Sometimes it is useful to use one word to talk about something that has many meanings. Politics is an example of that kind of word. Webster’s first definition refers to governance. Further down, it refers to beliefs about politics, while it also can refer to the activities which gain power. Writing this column, I often use what I call “slow thought.” It is important, I think, to step back and decide which part of such words is appropriate in context.
One concerns I have about Idaho politics is that our legislature takes up most of its time on their beliefs about politics and the actions to take to stay in power. The actual mechanics of governance often seems like the least important part of their debates. The just concluded session was a good example, I think.
If you examine the list of bills which were considered, you see many which were likely prepared in consultation with a small group of interested citizens or their lobbyists and delt with governance. Their existence may be actions to remain in power or political beliefs, but there were a lot of bread and butter or housekeeping bills on the list.
There were three bills that seemed to catch the attention of what could be called the general public. I am referring to legislative topics which impact as well as interest a wide demographic of the electorate. They were Medicaid expansion; an attempt to restrict (to the point of making the effort impossible difficult) the right of the people to petition the government; and a new education funding formula. All three contained debate regarding the three elements of politics I have mentioned.
Only the Medicaid expansion bill was passed. It was probably enacted because of the passage of a citizen petition requiring that they address the funding and the administrative regulations. While I have already talked about the merits of Medicaid expansion, it now seems to me that too much time was spent trying to add restrictions to the measure.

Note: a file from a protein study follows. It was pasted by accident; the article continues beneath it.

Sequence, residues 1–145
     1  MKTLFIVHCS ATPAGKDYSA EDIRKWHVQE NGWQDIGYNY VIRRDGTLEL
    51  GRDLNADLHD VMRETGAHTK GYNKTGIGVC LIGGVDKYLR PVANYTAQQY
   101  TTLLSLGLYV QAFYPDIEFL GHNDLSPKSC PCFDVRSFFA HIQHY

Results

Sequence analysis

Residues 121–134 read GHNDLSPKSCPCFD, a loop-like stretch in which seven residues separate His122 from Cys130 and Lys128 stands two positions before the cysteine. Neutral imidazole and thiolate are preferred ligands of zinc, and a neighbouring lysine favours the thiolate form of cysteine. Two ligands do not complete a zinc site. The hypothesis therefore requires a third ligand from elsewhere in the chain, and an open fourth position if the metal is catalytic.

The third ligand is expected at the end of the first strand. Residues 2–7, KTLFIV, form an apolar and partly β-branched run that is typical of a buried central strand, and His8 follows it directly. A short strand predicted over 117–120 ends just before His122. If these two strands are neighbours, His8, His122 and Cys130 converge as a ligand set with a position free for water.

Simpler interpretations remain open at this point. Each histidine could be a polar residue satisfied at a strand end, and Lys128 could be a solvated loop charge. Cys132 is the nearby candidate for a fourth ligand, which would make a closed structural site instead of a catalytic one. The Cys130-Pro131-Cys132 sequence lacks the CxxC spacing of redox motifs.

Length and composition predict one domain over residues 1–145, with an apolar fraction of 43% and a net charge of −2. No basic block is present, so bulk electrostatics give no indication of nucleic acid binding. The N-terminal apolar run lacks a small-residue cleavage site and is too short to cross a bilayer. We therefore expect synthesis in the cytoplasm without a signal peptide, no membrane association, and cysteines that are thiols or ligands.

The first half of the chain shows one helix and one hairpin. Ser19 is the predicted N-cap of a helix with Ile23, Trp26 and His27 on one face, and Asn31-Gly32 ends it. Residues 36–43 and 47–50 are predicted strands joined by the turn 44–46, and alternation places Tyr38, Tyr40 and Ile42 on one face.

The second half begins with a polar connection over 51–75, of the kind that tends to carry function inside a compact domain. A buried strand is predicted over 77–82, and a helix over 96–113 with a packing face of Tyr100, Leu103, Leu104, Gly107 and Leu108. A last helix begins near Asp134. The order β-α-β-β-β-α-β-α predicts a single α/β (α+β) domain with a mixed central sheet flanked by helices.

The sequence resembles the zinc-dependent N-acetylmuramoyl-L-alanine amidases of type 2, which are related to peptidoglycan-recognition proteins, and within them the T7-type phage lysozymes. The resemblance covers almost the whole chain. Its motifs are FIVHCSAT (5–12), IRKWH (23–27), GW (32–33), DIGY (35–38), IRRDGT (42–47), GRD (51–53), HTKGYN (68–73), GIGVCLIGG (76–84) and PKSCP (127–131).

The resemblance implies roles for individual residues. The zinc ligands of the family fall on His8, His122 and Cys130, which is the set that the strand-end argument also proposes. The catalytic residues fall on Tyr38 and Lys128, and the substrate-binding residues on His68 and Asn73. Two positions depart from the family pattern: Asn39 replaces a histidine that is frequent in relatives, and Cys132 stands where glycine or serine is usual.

There will also be time and money spent in applying to the federal government for waivers which will enable federal funding. This extra time and money spent on these requirements will delay the legislation’s ability to meet both the will and the need of the citizens who proposed it. This and the various tries to restrict citizen initiatives are examples of political power plays in the aid of intractable political beliefs.
The last bill, concerning a new education funding formula was not enacted despite a great deal of public as well as professional testimony in multiple public forums. From the point of view of the many interests in our state about education, the failure to make needed changes is extremely discouraging. Unlike most of the legislation considered and passed this session, this bill is the result of multi-year research and discussion. It was highly technical in its approach and was, indeed, a solution which considered the complexity of the education system. It was this technical and complex approach which probably lead to the result it had.
In conclusion, I want to encourage thinking about an issue that I have not seen addressed at any length. Should we re-think the way our legislature is set up? Do we expect and pay for our legislators to spend enough time studying the complex situations that are the duties of governance?
We have prided ourselves on our “everyman” legislators and the fact that our legislative session is usually short. To some extent, I think that the individuals who serve are well-intentioned part-time politicians who do not consider the complexities of governance. They serve in the name of political belief and to support party power.
I am really interested in ideas about improving the effectiveness as well as the responsiveness of our legislature. Other than during the election cycle, citizens have little control or influence on governance
within the executive or judicial branches of our state government. However, the legislative process is designed to be responsive to the needs as well as the will of the people. Let me know online or in person what your ideas may be. I promise to consider them.